She called Obama's approach to Cuba "correct" so far, but urged him to lift the travel ban entirely.
"I think there should be no restrictions for North Americans, or Cuban-Americans, to travel to the island and send money to their families. Anyways, you're trying to help your family there," she says. "But, I would also like to mention—don't wait for any positive response from the Cuban government."
Frank Castillo, a former U.S. Marine who still wears his dog tags and a Marine pin in his tie, was born in Cuba in 1959 and was exiled with his family to the U.S. by the end of the year. The Wake Med safety specialist and Scout leader says he didn't realize "what being Cuban meant" until he volunteered, in 1980, to translate for some of the 125,000 Cubans who were granted special "entrant" status during the Mariel boatlift.
"Growing up, the stories I heard were, 'We had this in Cuba, and we lost it all.' Well, whatever became of it? What was it like under the regime?" he says.
The stories he heard in 1980 from newly arrived Cubans focused on political repression, and surveillance, but not the level of poverty that has hurt the country over the past 20 years. He says the latest round of Cuban refugees, which he has helped resettle, "is just hungry."
"They're desperate for some economic improvement," he says. "From what I understand, the political system is so entrenched that if you want to get a different job, the paperwork is horrendous. You have to have this political connection."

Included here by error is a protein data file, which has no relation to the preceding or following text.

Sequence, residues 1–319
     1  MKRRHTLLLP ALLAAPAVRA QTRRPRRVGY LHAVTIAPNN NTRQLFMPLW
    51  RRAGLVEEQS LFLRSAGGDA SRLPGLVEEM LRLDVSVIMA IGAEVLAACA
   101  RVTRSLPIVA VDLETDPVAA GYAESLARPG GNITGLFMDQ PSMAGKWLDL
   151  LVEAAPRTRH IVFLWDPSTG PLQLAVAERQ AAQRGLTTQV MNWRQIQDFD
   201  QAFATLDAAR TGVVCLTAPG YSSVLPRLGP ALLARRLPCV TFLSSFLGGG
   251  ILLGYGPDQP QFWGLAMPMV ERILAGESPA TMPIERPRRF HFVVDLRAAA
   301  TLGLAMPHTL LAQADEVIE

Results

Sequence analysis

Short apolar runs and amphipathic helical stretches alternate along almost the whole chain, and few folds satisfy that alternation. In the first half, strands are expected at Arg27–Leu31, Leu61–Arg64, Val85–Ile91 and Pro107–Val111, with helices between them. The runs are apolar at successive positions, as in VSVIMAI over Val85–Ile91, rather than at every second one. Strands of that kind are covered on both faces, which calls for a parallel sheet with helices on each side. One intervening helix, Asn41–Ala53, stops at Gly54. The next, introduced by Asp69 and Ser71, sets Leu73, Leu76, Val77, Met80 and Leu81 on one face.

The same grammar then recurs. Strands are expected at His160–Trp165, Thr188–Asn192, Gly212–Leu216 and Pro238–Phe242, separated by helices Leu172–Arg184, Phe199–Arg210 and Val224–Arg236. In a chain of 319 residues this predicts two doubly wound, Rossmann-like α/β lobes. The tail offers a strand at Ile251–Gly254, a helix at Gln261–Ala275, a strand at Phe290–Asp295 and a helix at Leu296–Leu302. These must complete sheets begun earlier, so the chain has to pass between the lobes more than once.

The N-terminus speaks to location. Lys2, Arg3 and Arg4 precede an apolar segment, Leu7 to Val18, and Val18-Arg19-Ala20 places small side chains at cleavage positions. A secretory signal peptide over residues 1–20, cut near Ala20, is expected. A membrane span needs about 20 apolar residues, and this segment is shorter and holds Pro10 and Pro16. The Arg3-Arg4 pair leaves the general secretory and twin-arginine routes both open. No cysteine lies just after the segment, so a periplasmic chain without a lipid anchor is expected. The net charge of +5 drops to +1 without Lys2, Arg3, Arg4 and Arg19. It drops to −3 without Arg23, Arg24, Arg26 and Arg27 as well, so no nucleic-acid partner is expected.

Tony Asion, a former U.S. Army pilot and state highway patrolman, was one of at least 14,000 children whose parents sent them—alone—on "Pedro Pan" flights to the U.S. in the early 1960s to prevent their political indoctrination in Cuban schools.
"A lot of the things we take for granted, they had to struggle through," he says of the new arrivals, for which he helped coordinate assistance and gather donations.
"Their advantage, of course, is that they do have a Social Security number, and they can get a job. To a certain extent, they had a benefit. But the difference is that most people who come here usually know somebody," he says of other immigrants in the U.S. "These guys didn't. They didn't know anybody, and struggled with that."
When Asion arrived in Florida at age 6, with his 9-year-old sister, they knew no one and stayed at foster homes and a group home that he compared to military barracks. One year later, he reunited with his family.
He describes the newest arrivals as mostly harmless political dissidents. "I don't think any of these guys were a threat, to be honest with you. Some of them are very poorly educated," he says. "They're not your rah-rah, we've got to do away with government, type of guys."